Can you think back that far? It’s important. Give it a try.
For me, it’s easy to remember: it was November 1, 2012. On that day, I wrote:
“I suffer from the typical writer’s block. I see a blank screen and want to run. I think of editing some old work and cringe. I’ve been wanting to write on a regular basis for, oh, a decade. Not ten days, not ten months, but ten years. When oh when will that day come where I learn to write on a regular basis?” — Bradley Charbonneau, Nov. 1, 2012
I look back and I don’t even recognize that guy. I mean, uh, well, I guess that was me. I have transformed, changed, metamorphosized into a different person. It’s all thanks to Every Single Day.
I’m putting quite a bit of time into my upcoming book, called, not terribly surprisingly, “Every Single Day.” It might be horrendous. It might become a best seller. This might be hard to understand, but I don’t really care.
Carefree — or Fearfree
I used to care. I used to care a lot. I used to care so much that I was stuck. I was stuck because I was so concerned with getting it right or perfectionism, quite a dose of what other people thought of me or, the biggest block of all: fear.
Look at the first words in the quoted paragraph above:
- want to run
- been wanting
- ten years
- when oh when
Ouch. I feel for that guy. Man, he is suffering!
But where do I struggle today? I struggle to even understand that guy at that beginning phase. Part of me doesn’t have much patience or even sympathy for him. “Seriously? That’s what your fear is? I’m sorry, could you explain it again?”
It’s as if I’m in university and that former self is back in kindergarten. I just can’t relate that easily. “Oh, you don’t even know how to tie your shoes? Oh yeah, that’s right.”
I’m no longer scared of writing. I write Every Single Day. It’s just what I do. It’s not even a decision, it just happens. It takes little to no effort and it’s usually in flow mode — just cruising.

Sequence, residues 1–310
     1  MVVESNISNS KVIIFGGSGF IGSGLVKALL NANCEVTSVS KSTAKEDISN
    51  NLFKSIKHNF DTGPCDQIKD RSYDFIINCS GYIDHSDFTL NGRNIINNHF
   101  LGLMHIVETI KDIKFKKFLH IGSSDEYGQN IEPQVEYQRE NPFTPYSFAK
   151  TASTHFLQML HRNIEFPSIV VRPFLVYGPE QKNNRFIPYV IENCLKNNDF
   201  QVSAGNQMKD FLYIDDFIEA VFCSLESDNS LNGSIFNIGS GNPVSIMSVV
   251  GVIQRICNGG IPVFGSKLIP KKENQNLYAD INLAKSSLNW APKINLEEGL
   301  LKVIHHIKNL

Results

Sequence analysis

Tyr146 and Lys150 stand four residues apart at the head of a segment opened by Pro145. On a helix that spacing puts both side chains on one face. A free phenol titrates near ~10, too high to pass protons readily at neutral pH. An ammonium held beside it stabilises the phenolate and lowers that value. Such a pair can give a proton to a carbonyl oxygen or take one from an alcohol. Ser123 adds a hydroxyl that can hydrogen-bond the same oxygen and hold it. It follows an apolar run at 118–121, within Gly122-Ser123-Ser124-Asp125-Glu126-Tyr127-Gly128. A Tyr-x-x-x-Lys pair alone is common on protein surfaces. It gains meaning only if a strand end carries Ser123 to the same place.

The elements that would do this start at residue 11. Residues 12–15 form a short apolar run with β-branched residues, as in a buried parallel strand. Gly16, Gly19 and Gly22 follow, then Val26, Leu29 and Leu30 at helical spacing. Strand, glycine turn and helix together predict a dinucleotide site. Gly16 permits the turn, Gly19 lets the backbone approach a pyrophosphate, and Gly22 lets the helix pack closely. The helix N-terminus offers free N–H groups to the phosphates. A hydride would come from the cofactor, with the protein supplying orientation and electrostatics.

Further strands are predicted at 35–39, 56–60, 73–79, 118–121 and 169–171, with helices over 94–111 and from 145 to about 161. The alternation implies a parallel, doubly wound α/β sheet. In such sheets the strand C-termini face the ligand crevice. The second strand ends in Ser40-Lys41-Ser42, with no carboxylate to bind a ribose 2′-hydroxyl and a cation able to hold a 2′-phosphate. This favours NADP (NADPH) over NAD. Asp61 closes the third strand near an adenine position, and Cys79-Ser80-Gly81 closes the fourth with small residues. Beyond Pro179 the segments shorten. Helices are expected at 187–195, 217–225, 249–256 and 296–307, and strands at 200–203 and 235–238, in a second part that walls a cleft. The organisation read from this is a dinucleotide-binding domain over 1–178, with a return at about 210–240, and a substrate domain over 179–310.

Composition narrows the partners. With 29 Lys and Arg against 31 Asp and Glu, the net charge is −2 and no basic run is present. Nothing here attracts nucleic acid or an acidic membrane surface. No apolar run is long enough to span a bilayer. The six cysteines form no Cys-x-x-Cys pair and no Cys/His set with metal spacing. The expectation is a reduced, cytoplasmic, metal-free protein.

At this point, I hope my book can capture where the beginner is, what phase he’s in, how I can help her get out of the rut, where I can be of most strategic and effective assistance.
But I do have to think back to where I started. I have to roll along the path I’ve taken and see where I am today. I also have to show that to the beginners so they see that I have done it and that should give them hope that they can too.
Make the Habit the Goal
Remember how I said I didn’t care? I do care. I care about writing. I honestly don’t care about best sellers (although, sure, I’d love it) and I don’t care about writing the Great American Novel. I care about writing. I care about the habit. Want to know the secret? If I care about the habit, if I care about the writing, I will get to those other “goals” with little effort and minimal fanfare. Then the deepest secret? I won’t stop. I’ll keep going onto bigger and better goals because I made the habit the goal.
Where are you on Day One? What’s your goal? What’s your habit? What’s your fear? One day at a time, let’s banish the fear.
P.S. In book cover and subtitle news …
Every Single Day: From shame to blame to aim to fame to game.
In the end, it’s a game. But you won’t understand that until you hit at least the fame level.
Until then, keep up the good work Every Single Day.